That's a huge turnaround from earlier IDC projections that just two months ago predicted the iPad would slip under 50% as soon as 2014 and fall to 47.8% by 2016. In May, IDC estimated that Android tablets would soon start to chew into Apple's lead and by 2015 would account for the majority of devices.
The difference between the two forecasts for the iPad was a whopping 14 percentage points. Read more...
The Wi-Fi Direct standard may get a much-needed boost next year from work by the Wi-Fi Alliance to make it easier to use for both consumers and developers.
The specification for peer-to-peer links among devices debuted in 2010 and has been delivered in some products, including the Samsung Galaxy S III smartphone, but it has yet to become a major platform for new uses of Wi-Fi across a wide range of devices.
The Alliance's Wi-Fi Direct Services task group, formed last month, plans to develop new software mechanisms to help devices and applications determine how they can work together, Wi-Fi Alliance Executive Director Edgar Figueroa said in an interview on Wednesday. Those efforts are on a fast track and should be completed within 12 to 18 months, he said. He spoke at a daylong event on "The Power and Potential of the Unlicensed Economy" at Stanford University, saying Wi-Fi is expanding beyond the home and office wireless LAN technology most familiar to consumers. Read more...
The IT job market is either hot or lackluster, but mostly it is difficult for anyone who is seeking a job or hiring. There are plenty of companies searching for employees, but jobs are nonetheless elusive for many. It's a job market of contradictions.
Employers aren't making it easier for job seekers, and may be suffering from expectation inflation. Some employers want superstars, with resumes as rich as the high school student who not only quarterbacked the football team, but led the math club to a state tournament, played Lady Macbeth on stage and hit a 4.0 GPA.
And then there Crown Equipment, a manufacturing company that makes fork lifts and other types of systems used to move materials around. It has about 16 IT job openings in product development and business operations. The problem Crown faces in attracting candidates is its location. It's in New Bremen, Ohio, (Pop. 3,000). Thankfully, St. Marys is about 8 miles down the road, and Dayton, only 60 miles away.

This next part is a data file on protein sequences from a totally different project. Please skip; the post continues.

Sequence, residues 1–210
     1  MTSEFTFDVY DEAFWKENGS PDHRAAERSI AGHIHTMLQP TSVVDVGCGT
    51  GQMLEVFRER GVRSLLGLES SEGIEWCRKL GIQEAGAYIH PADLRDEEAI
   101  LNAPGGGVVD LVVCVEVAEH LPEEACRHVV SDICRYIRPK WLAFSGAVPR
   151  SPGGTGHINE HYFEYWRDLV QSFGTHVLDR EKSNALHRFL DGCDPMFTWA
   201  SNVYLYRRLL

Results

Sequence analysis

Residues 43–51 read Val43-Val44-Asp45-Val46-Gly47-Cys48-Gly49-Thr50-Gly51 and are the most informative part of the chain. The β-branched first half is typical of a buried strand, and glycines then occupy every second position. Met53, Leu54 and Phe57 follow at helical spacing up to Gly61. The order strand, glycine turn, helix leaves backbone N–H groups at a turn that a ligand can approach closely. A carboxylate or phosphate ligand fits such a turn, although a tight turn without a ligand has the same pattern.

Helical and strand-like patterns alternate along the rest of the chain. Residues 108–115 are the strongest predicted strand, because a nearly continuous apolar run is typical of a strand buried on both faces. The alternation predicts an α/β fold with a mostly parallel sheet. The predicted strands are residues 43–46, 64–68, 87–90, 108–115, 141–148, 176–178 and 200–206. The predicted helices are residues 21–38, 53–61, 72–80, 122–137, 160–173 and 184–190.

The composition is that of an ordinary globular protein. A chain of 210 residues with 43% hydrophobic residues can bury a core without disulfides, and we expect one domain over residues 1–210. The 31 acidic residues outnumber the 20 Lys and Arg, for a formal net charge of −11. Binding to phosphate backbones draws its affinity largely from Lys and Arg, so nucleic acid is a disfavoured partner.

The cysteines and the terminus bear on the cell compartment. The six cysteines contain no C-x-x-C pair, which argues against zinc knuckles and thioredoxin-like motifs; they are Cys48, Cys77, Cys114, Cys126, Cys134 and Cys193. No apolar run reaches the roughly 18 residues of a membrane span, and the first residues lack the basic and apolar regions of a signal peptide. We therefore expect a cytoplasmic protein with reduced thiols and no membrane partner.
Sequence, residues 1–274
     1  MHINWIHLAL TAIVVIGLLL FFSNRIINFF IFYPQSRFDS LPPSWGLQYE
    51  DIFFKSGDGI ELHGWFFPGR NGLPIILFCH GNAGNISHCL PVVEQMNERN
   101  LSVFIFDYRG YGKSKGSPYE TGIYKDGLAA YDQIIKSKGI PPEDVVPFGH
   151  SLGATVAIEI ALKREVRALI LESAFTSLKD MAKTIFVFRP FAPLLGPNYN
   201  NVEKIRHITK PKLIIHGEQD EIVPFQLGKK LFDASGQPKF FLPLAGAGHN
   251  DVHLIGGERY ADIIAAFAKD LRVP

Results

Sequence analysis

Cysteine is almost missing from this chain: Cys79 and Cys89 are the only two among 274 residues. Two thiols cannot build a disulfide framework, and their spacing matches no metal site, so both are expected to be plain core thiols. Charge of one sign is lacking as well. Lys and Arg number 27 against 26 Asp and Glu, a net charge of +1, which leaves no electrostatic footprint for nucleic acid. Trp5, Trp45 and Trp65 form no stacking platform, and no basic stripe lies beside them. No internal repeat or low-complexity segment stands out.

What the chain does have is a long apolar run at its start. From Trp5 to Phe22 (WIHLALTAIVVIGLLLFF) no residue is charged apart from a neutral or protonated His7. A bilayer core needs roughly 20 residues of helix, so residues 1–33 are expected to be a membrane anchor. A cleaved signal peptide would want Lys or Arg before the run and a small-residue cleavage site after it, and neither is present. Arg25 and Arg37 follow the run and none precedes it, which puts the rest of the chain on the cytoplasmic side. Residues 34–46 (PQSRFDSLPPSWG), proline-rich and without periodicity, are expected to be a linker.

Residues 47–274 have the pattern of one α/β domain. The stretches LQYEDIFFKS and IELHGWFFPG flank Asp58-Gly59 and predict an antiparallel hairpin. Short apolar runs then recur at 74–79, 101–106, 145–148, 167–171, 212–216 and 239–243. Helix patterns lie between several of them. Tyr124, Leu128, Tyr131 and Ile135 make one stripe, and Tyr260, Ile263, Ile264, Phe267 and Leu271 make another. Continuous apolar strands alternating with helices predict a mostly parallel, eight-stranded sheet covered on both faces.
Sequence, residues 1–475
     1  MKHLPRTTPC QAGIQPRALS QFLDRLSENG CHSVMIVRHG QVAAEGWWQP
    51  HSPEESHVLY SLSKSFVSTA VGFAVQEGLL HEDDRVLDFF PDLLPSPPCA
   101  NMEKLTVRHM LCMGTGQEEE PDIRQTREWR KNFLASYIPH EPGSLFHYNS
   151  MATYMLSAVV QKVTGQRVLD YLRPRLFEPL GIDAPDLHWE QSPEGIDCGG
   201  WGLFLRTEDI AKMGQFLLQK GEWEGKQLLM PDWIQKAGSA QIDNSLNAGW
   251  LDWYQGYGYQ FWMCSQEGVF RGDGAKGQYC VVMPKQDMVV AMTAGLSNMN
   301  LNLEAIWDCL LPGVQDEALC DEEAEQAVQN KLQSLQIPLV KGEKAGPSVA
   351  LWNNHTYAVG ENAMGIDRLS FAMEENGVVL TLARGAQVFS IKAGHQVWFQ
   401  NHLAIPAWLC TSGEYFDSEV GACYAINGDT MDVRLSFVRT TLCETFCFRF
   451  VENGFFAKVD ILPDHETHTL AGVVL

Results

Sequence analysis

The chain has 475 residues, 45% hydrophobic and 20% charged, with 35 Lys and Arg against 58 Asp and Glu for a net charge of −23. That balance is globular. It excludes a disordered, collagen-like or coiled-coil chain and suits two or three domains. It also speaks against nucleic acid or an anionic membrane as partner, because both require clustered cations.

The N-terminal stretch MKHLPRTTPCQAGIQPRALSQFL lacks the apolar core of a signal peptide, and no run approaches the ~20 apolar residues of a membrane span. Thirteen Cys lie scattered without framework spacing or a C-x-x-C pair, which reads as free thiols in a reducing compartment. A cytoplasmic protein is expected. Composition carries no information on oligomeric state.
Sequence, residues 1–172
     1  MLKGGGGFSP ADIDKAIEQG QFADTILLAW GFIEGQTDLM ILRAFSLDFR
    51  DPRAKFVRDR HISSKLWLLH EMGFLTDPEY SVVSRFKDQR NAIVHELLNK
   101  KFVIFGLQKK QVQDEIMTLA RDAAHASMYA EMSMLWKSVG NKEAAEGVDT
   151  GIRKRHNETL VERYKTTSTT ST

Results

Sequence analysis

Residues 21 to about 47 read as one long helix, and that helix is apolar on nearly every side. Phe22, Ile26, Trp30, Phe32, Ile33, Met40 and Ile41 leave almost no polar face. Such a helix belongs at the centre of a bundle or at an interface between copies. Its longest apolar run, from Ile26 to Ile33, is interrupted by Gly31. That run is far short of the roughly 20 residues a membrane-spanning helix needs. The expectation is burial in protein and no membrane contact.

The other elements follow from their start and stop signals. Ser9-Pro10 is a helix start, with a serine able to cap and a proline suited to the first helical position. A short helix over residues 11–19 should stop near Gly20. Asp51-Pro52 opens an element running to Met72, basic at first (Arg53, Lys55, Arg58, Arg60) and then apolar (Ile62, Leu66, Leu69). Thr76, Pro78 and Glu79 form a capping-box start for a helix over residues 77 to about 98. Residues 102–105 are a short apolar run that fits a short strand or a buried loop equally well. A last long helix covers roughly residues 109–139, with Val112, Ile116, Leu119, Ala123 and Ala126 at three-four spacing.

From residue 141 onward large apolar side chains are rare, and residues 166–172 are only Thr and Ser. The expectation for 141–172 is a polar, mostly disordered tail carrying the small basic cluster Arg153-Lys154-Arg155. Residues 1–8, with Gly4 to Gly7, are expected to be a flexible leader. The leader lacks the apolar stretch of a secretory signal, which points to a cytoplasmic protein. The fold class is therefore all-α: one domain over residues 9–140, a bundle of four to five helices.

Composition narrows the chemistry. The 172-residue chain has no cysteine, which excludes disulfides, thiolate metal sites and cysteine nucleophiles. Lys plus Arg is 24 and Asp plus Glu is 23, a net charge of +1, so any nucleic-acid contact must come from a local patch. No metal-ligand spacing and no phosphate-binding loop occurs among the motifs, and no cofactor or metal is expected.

"[New Bremen is] a great place to raise a family but if you want to go to Taco Bell you have to drive to St. Marys," said Jim Gaskell, director of global Insite products at Crown.
Insite is a name of a product line that helps customers track their forklifts and personnel, make better use of their equipment, and provide overall operational intelligence. Crown host the system in the cloud, and customers, if they chose to, can deploy independent of their internal IT. Read more...
Starting next month, updated Windows operating systems will reject encryption keys smaller than 1,024 bits, which could cause problems for customer applications accessing websites and email platforms that use the keys.
The cryptographic policy change is part of Microsoft's response to security weaknesses that came to light after Windows Update became an unwitting party to Flame Malware attacks, and affects Windows XP, Windows Server 2003, Windows Server 2003 R2, Windows Vista, Windows Server 2008, Windows 7, and Windows Server 2008 R2 operating systems, according to the Windows PKI blog written by Kurt L. Hudson, a senior technical writer for the company.
"To prepare for this update, you should determine whether your organization is currently using keys less than 1,024 bits," Hudson writes. "If it is, then you should take steps to update your cryptographic settings such that keys under 1,024 bits are not in use." Read more...
The group of hackers calls itself "the D33Ds Company" and claims to have hacked into the database by exploiting an SQL injection vulnerability found on a Yahoo subdomain.
"The subdomain and vulnerable parameters have not been posted to avoid further damage," the hackers said in their release notes.
The leaked information includes MySQL server variables, names of database tables and columns, as well as a list of 453,492 email addresses and passwords in plain text.
The exposed log-in credentials don't only include yahoo.com email addresses, but also email addresses from other public and non-public email providers. Read more...